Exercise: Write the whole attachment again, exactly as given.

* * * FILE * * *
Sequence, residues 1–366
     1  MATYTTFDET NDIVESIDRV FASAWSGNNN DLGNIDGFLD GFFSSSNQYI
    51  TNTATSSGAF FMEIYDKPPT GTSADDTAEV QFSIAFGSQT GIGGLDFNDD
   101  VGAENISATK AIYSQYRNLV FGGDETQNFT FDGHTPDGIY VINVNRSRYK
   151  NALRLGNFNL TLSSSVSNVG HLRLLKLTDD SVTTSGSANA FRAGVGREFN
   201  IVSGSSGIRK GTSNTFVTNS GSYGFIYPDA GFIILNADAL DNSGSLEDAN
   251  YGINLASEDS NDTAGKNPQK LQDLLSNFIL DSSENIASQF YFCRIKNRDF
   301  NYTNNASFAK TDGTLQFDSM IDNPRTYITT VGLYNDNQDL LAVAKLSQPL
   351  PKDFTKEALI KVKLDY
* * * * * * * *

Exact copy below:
Sequence, residues 1–366
     1  MATYTTFDET NDIVESIDRV FASAWSGNNN DLGNIDGFLD GFFSSSNQYI
    51  TNTATSSGAF FMEIYDKPPT GTSADDTAEV QFSIAFGSQT GIGGLDFNDD
   101  VGAENISATK AIYSQYRNLV FGGDETQNFT FDGHTPDGIY VINVNRSRYK
   151  NALRLGNFNL TLSSSVSNVG HLRLLKLTDD SVTTSGSANA FRAGVGREFN
   201  IVSGSSGIRK GTSNTFVTNS GSYGFIYPDA GFIILNADAL DNSGSLEDAN
   251  YGINLASEDS NDTAGKNPQK LQDLLSNFIL DSSENIASQF YFCRIKNRDF
   301  NYTNNASFAK TDGTLQFDSM IDNPRTYITT VGLYNDNQDL LAVAKLSQPL
   351  PKDFTKEALI KVKLDY